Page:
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World Potato Congress highlights scientific advances

World Potato Congress highlights scientific advances

Participants of the combined World Potato Congress and the 28th Congress of ALAP are enjoying a break between the presentations. More than 800 people from 50 countries gathered in Cusco, Peru.

June 10, 2018
Tubers were the talk of the town in Cusco, Peru during the week of May 27, when the 10th World Potato Congress (WPC) and the 28th Congress of the Latin American Potato Association (ALAP) were held together for the first time.

The event drew more than 800 participants from 50 countries to the potato’s center of origin for four days of scientific presentations, networking, field trips and celebration of the potato’s cultural and economic importance.

The WPC is the most important international event for potato scientists and businesses. It is held every three years in a different country and is organized by the non-profit World Potato Congress Inc. and local partners.

The 10th WPC was organized by Peru’s National Institute for Agricultural Innovation (INIA) – part of the Ministry of Agriculture and Irrigation (MINAGRI) – in collaboration with the International Potato Center (CIP), the National Agrarian University La Molina, Peru’s Ministry of Foreign Trade and Tourism and the Peru country office of the UN Food and Agricultural Organization FAO.

Dr. Oscar Ortiz, CIP’s Deputy Director General for Research and Development, noted that CIP played a prominent role in 10th WPC’s organization, participating in the scientific committee and arranging logistics among other things. More than 30 CIP researchers also gave presentations or chaired panels in the varied plenaries and technical sessions of the three-day event, or presented posters on their research.

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2018 marked the first time that the World Potato Congress took place in Latin America - the continent that gave the potato to the world

2018 marked the first time that the WPC took place in Latin America, which allowed for it to be held in conjunction with the ALAP Congress.

The combined congresses took place in the Cusco Convention Center from May 27—31 and included plenary speeches by a list of experts that included Dr. David Nowell, FAO Agricultural Officer for Latin America and the Caribbean; Dr. Marco Bindi, of the University of Florence, Italy; Dr. Glenn Bryan, of the James Hutton Institute, UK; and CIP Director General Dr. Barbara Wells.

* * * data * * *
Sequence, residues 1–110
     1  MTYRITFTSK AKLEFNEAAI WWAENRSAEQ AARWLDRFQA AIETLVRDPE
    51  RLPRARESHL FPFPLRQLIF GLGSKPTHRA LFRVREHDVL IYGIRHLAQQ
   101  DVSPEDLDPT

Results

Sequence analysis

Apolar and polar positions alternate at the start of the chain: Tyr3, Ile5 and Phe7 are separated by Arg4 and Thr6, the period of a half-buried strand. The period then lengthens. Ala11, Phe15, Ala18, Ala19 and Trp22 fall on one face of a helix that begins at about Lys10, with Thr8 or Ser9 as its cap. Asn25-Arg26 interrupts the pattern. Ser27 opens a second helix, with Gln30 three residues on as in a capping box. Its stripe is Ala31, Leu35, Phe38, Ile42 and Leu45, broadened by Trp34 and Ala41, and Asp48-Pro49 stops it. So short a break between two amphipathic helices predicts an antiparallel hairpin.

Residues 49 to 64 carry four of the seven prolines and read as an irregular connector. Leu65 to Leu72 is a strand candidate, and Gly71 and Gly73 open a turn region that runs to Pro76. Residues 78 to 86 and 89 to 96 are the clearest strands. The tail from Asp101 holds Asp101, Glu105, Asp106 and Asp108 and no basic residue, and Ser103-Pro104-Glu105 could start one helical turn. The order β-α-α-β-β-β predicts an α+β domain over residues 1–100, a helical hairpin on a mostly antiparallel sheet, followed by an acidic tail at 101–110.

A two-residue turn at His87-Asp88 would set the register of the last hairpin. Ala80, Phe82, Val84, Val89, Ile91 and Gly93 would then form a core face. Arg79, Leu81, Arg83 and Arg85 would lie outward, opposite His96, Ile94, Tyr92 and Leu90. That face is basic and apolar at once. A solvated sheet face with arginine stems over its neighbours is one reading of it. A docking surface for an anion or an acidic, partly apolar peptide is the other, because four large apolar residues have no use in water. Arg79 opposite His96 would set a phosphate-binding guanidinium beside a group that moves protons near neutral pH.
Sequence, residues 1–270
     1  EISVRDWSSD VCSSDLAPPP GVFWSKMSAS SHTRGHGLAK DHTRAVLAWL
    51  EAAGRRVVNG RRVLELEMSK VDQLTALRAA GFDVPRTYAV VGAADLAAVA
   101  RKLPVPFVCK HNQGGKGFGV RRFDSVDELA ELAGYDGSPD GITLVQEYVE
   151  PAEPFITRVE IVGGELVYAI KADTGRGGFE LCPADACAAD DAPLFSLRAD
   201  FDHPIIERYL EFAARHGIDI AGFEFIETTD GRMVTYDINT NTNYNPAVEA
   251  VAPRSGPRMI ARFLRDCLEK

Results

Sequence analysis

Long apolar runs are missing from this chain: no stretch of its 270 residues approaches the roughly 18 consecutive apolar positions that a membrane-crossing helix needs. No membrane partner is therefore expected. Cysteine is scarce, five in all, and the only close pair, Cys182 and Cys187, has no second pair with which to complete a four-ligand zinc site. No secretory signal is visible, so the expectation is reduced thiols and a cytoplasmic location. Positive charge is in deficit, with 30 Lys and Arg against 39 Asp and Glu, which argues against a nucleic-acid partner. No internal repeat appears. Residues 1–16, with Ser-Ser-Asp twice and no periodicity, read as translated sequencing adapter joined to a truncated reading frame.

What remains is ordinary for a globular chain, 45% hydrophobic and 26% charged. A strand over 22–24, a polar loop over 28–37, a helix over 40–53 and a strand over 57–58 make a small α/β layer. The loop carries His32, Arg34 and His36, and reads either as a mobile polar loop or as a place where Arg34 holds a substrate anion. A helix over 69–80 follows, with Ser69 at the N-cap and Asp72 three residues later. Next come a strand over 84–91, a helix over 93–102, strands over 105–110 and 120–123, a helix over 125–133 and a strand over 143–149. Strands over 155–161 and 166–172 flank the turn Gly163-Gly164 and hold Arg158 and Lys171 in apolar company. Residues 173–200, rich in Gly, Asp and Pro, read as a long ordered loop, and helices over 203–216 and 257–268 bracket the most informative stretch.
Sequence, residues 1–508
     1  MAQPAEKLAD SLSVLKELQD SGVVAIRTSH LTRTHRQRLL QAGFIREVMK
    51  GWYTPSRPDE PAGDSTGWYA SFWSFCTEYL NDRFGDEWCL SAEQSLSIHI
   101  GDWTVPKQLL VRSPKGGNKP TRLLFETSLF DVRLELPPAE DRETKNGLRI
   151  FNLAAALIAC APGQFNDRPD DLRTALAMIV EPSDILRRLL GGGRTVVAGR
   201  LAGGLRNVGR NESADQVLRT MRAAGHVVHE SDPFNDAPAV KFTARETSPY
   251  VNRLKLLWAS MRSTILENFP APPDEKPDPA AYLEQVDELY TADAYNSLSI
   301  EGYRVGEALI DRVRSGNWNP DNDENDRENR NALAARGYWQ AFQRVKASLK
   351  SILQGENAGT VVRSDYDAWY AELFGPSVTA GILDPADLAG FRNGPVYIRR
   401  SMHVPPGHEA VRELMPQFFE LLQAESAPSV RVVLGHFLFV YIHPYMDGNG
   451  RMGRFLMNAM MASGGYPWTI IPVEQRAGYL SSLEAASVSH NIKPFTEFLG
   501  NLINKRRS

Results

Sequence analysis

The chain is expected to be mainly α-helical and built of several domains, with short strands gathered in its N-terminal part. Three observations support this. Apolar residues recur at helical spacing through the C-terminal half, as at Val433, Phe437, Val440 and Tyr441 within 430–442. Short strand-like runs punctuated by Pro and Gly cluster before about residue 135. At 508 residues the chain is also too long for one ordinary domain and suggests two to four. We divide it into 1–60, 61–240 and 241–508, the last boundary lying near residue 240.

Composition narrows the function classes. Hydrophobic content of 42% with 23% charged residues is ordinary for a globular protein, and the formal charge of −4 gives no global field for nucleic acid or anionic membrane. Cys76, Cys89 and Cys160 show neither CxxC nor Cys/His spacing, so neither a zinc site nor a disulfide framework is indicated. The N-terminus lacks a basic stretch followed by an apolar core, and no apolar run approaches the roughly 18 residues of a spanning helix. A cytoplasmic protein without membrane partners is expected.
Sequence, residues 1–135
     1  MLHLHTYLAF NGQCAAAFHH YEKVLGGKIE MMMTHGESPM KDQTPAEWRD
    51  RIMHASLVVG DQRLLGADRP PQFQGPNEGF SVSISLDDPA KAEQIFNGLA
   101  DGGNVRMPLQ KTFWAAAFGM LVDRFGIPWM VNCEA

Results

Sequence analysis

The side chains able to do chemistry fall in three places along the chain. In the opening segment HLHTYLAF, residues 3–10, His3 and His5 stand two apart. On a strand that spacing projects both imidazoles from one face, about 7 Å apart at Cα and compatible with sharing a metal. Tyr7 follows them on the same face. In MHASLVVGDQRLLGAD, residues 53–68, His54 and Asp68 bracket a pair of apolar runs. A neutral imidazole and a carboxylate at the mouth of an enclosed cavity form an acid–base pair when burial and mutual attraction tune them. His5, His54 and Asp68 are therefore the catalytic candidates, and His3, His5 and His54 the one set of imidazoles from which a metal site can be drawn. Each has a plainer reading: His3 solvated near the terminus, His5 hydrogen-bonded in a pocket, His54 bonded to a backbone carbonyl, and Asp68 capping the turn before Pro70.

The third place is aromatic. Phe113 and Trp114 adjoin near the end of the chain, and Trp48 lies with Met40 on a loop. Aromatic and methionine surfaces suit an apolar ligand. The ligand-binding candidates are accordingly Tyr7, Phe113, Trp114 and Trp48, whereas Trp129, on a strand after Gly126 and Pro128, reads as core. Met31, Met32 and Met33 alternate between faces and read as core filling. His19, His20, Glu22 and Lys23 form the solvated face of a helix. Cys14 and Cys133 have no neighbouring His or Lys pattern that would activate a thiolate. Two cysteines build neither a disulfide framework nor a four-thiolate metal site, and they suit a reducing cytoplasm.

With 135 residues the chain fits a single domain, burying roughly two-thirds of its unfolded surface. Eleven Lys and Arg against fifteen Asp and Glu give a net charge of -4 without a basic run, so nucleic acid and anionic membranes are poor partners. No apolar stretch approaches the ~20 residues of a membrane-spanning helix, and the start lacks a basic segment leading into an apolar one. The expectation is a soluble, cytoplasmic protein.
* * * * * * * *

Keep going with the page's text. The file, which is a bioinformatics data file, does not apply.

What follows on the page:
Potato experts from around the world participated in technical sessions covering seven themes: climate change and potato agri-food systems; trends in consumption and markets; variety development and biotechnology; pests and diseases; crop management; post-harvest and processing technology; and potato diversity and its relation to breeding, nutrition and health.

The best presentation in each of those themes was given an award, three of which were bestowed on CIP scientists.

Dr. David Ellis, the head of the CIP Genebank, was recognized for his presentation “Towards an Increased Understanding of Genetic Relatedness in Cultivated Potato,” in which he described the results of genotyping CIP’s entire collection of potato germplasm and their implications for improving potato taxonomy.

Entomologist Jürgen Kroschel won an award for his presentation on research by CIP scientists to predict how climate change will affect the risk of crop loss to potato pests in the Andes in the coming decades.

And agricultural economist Graham Thiele, Director of the CGIAR Research Program on Roots, Tubers and Banana (RTB), outlined evidence of climate-smart, sustainable agriculture practices in the Andes during the pre-Columbian empires of the Wari and Inca – such as terracing to improve soil and water management – and connected them to the need for a second agricultural revolution in the 21st century to help Andean farmers cope with climate change.

While the technical sessions and plenary presentations make the WPC and ALAP Congress must-attend events for potato scientists, CIP and RTB wanted to provide an opportunity for Peruvian students in agricultural sciences to experience the event. They consequently created a scholarship fund and sent out a call for applications to Peru’s top universities.

A total of 15 students and recent graduates from seven Peruvian universities were awarded scholarships, which covered their registration fees and travel expenses, providing them with an unforgettable week of exposure to the cutting edge of potato science.

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World Potato Congress 2018 was inaugurated on May 28 by the President of Peru, Martín Vizcarra

In addition to the vast array of scientific knowledge shared during the week of WPC 2018, the two congresses and associated events generated significant interest across Peru and enjoyed ample participation by government officials.

The evening of May 27, a welcome cocktail was offered for participants in the courtyard of Coricancha, a former Incan Temple of the Sun that the Spanish conquerors converted into a Catholic church. In addition to WPC organizers and participants, the event was attended by Peru’s First Vice President, Mercedes Aráoz, and Minister of Agriculture and Irrigation, Gustavo Mostajo.

WPC 2018 was inaugurated the morning of May 28 by the President of Peru, Martín Vizcarra, who was accompanied Aráoz, Mostajo, INIA director Miguel Barandiaran, the president of Cusco region, Edwin Licona, and the mayor of Cusco, Carlos Moscoso.